Recently, Unifor also published a report called Navigating the Road Ahead – Rebuilding Canada’s Powerhouse Auto Sector, which provides several recommendations on how the industry can prepare to address the shift in the workforce.
The three key recommendations DiCaro highlights are:
- Developing a comprehensive mapping of the current auto supply base across the country for governments to be aware of where vulnerabilities in the job market lie and how to assist;
- Creating a tailored labour market adjustment program for auto workers to help them in moving into new jobs and with income security; and
- Building inventories of the skills that are needed from assembly to battery production and to all the other component parts in the EV space.
“If the goal is that we’re going to build out a Canadian supply chain for all these different pieces of the new supply chain, we should be able to identify what skills are going to be in high demand and get the workforce proactively trying to get the skills upgrading done so that we’re job-ready when these investments come in,” says DiCaro.
In many cases, OEMs are developing their own programming and working in conjunction with community colleges to help upskill current and future employees.
For example, last year GM launched a training program through the GM Automotive Manufacturing Electric College (AMEC) to help prepare its current employees for the EV push.
Participants are taught how to carry out electrical procedures including: schematics, diagnostics and vehicle wiring harness construction. The program provides a full paid salary during the training period (which lasts between six to 12 months) at GM’s Global Technical Center in Warren, Mich.
“The goal is to equip participants with the technical skills needed to perform electrical-based job duties — all before they reach the floor of a manufacturing site,” reads GM’s website.
But what is missing in Canada, says Unifor, is a comprehensive national strategy where the government has a role in enabling workers to gain new skills.
“There’s got to be an integration with how training will marry with income security programs so that workers [are not] forking out pocket money to go and get themselves trained. Or if they’re laid off, they’re going to need income supports to do that [training], and so, all of the different stakeholders are going to have to play a role.”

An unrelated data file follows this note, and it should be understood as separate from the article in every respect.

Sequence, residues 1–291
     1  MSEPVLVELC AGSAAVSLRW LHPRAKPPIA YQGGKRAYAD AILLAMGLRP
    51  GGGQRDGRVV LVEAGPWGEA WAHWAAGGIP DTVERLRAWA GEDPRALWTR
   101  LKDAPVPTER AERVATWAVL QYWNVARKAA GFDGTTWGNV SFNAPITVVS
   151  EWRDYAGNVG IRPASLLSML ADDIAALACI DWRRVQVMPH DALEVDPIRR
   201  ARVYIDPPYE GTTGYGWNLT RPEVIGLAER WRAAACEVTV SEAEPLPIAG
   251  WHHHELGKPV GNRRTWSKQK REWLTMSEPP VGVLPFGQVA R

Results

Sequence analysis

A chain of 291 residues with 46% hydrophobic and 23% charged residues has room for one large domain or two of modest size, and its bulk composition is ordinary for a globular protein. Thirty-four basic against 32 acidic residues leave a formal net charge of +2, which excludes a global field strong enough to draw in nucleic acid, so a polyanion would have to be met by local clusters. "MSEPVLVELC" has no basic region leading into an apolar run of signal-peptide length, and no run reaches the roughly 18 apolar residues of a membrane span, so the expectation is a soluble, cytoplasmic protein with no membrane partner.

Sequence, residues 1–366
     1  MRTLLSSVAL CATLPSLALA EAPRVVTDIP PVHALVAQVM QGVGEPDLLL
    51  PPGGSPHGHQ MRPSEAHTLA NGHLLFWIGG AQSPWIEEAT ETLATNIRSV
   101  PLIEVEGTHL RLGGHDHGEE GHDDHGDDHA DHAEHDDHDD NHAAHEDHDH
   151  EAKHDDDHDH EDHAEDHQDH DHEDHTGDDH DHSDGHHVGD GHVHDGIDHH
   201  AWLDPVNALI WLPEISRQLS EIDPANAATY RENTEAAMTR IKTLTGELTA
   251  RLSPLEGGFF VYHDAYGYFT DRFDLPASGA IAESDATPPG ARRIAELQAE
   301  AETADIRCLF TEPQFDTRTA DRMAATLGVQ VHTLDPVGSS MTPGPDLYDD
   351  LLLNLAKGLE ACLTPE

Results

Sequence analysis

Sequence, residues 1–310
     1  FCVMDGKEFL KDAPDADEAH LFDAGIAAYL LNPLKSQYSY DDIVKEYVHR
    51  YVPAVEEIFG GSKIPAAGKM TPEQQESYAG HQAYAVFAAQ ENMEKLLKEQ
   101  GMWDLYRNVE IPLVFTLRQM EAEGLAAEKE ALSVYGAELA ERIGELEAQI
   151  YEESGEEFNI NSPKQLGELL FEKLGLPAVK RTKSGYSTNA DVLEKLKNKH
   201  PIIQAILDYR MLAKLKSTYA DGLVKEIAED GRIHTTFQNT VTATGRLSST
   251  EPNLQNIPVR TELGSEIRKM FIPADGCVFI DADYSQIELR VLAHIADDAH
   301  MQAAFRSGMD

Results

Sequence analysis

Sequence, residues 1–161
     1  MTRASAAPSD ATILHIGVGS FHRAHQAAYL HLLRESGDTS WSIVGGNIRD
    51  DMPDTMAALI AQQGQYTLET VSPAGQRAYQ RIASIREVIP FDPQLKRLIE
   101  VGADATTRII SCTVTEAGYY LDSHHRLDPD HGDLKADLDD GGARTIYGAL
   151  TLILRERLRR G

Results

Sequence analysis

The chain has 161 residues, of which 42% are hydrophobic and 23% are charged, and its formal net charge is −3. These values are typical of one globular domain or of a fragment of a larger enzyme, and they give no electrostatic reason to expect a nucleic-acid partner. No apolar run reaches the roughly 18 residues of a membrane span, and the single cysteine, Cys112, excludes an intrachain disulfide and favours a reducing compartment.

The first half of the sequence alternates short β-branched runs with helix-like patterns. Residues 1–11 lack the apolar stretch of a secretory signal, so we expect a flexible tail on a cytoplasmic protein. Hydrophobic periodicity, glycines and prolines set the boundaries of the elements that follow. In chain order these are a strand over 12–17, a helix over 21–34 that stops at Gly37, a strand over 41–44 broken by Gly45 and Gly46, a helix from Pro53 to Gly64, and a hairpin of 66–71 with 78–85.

For its part, Propulsion Québec is planning a new research effort to better determine what the province’s needs are in terms of skills and training in the sector.
“We’re going to launch — we cross our fingers — a deep dive diagnosis early next year to really understand the competency requirements and labour requirements at the industry level in terms of transport electrification,” says Pillarella.
“We want to go into more details about what the industry is going to need, so we can get a better sense of what types of training programs we can develop for the industry to really support the upskilling and retraining of staff.”
Growing opportunities in a growing industry
As the move to EVs continues, DiCaro says the industry and workers need to be proactive about the oncoming shift.
“Right now is a very critical moment for us to make sure that we are doubling into [all] aspects of the supply chain,” says DiCaro.
“It’s great that we’ve got the assembly contracts and we will likely have some of the supplier contracts…but some of the other critical components like the motors and the axles and the power systems — we need those here. We need those in Canada.”
It’s a sentiment shared by the various levels of government as well. Ontario’s minister of job creation, Vic Fedeli, recently shared with Electric Autonomy that the province is in conversation with international companies from the entire EV supply chain, to make the case for why they should set up factories in Canada.
At the federal level, Innovation, Science and Economic Development minister, François-Philippe Champagne tells Electric Autonomy that he is in talks with auto partners from virtually every continent and wants to pad out the skeleton of the EV battery supply chain in Canada with supporting parts manufacturers.
“There’s growth on the horizon as opposed to constantly feeling like we’re just hanging on by our fingernails in a sector that’s declining,” says DiCaro.
“I think not only is it giving excitement to auto workers currently to want to be part of this new transition, but workers who may have historically not even thought of the auto industry as a place that they want to work.”